More victories leading to the end of the cage age for farm animals

By on September 21, 2021 with 1 Comment

For years, we at the Humane Society family of organizations have waged campaigns—through the boardroom to the ballot box—to eliminate the abusive practices of locking egg-laying hens in cages and mother pigs in gestation crates, practices that cause immense suffering for a staggering number of animals in agriculture. And we’ve made great progress. In fact, our high-profile legislative victories, such as California’s Proposition 12 and Massachusetts’ Question 3, have received a lot of media attention recently, with industrial farmers’ trade groups failing to strike down Proposition 12 in three separate lawsuits.

A necessary and core component to abolishing cages is also our success moving dozens of major food companies to publicly commit that they’ll eliminate them from their supply chains over time. But making a promise and keeping a promise are two very different things. That’s why today, we’re so focused on holding companies accountable to their pledges.

And our efforts are paying off. In just the last three months, major corporations have been accelerating their progress away from some of the cruelest practices in agribusiness.

This is the exact type of progress we need for farm animals—progress where companies are actually switching more and more products over to cage-free, rather than simply making promises to do so at some later date. These welcome commitments also serve as a strong foundation on which to build in other markets where Humane Society International is working closely with food companies and their international affiliates to promote the adoption and implementation of similar policies.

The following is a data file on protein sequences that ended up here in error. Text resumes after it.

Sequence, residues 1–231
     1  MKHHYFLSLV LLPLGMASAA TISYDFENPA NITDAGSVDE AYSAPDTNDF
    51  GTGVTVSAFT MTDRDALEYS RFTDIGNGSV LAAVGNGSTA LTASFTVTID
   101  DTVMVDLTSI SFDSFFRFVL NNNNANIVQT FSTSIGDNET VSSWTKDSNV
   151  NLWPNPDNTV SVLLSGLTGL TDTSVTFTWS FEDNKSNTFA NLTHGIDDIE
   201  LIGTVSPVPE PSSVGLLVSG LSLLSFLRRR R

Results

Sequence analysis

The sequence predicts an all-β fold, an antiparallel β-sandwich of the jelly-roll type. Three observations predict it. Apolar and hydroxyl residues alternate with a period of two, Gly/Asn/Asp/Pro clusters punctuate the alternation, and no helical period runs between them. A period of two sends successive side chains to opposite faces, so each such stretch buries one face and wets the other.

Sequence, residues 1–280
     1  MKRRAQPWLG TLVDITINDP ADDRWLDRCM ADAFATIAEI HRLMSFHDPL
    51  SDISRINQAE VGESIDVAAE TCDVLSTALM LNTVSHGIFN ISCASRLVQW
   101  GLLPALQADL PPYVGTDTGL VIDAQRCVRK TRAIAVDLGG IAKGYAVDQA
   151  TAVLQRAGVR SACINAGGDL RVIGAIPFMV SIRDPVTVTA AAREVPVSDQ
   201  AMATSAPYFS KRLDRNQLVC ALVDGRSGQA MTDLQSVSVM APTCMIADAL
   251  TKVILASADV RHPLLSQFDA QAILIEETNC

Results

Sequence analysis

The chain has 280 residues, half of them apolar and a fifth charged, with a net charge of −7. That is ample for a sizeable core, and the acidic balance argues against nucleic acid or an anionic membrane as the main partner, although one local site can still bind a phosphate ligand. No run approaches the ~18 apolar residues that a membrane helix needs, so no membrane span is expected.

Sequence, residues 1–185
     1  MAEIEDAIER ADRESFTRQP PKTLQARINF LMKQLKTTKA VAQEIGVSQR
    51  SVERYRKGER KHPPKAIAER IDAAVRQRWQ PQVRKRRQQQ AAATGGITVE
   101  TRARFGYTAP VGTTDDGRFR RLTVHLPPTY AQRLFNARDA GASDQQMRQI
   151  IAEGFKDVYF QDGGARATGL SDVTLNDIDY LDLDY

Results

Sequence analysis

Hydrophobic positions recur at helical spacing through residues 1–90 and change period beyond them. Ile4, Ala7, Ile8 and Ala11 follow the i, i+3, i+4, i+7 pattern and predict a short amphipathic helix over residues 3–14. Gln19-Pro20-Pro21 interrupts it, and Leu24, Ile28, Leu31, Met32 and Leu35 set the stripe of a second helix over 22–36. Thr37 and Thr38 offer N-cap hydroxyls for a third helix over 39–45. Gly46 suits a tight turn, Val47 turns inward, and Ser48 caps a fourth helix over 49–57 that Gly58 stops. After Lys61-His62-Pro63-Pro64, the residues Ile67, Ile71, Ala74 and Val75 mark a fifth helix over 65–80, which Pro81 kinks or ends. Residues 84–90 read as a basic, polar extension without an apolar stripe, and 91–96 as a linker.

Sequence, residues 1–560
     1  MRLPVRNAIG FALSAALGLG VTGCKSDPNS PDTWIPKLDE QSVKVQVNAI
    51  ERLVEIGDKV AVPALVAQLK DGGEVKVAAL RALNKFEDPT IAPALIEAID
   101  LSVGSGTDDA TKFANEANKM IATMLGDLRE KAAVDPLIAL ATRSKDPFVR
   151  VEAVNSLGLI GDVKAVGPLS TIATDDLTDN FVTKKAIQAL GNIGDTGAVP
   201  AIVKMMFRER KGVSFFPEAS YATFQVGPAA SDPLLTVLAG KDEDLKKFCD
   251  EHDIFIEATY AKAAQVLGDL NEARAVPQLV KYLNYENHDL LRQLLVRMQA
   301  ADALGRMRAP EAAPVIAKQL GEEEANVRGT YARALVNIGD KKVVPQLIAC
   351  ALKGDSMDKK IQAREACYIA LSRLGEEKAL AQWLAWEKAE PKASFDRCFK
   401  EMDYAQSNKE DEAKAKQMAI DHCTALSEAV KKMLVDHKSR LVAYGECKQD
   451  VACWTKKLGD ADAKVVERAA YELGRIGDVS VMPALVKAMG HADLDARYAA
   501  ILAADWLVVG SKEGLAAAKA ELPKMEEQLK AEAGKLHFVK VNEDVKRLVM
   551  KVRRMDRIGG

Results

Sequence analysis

Hens confined in wire battery cages don’t even have enough room to be able to spread their wings. Alamy Stock Photo

That said, as positive as these developments are, there is much more to be done. Of particular concern right now are the many commitments companies have made which don’t seem to be moving forward. For example:

  • Cracker Barrel pledged to switch to 100% cage-free eggs but has not shown any progress toward that end. The company also seems to have done away with its promise to eliminate gestation crates from its pork supply.
  • Last year, Starbucks promised to release a timeline for eliminating gestation crates (after claiming for six years it was working toward that goal) but still has yet to do so.
  • Some grocery retailers—like Giant Eagle, Kroger and Albertsons—seem to lack any kind of tangible plans for keeping their cage-free egg promises.
  • Dine Brands—while making progress on its cage-free promise—has unfortunately done away with its pledge to eliminate gestation crates.
  • Brinker International (owner of Chili’s) has not shown any progress whatsoever toward keeping its promises about eliminating gestation crates and switching to 100% cage-free eggs.

Just as the list of companies that are making progress is long and robust, unfortunately, so too is the list of companies that are not. That’s why the Humane Society family of organizations is committed to both praising companies that are already on the road to eliminating cages while pushing others to get on the road. We owe that to you—our members and supporters—and to the animals.

Follow Kitty Block on Twitter @HSUSKittyBlock.

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Farm Animals

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1 Comment

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  1. Jeane Camargo da Silva says:

    Que Deus abençoe a todos os envolvidos nessa vitória para os animais!!

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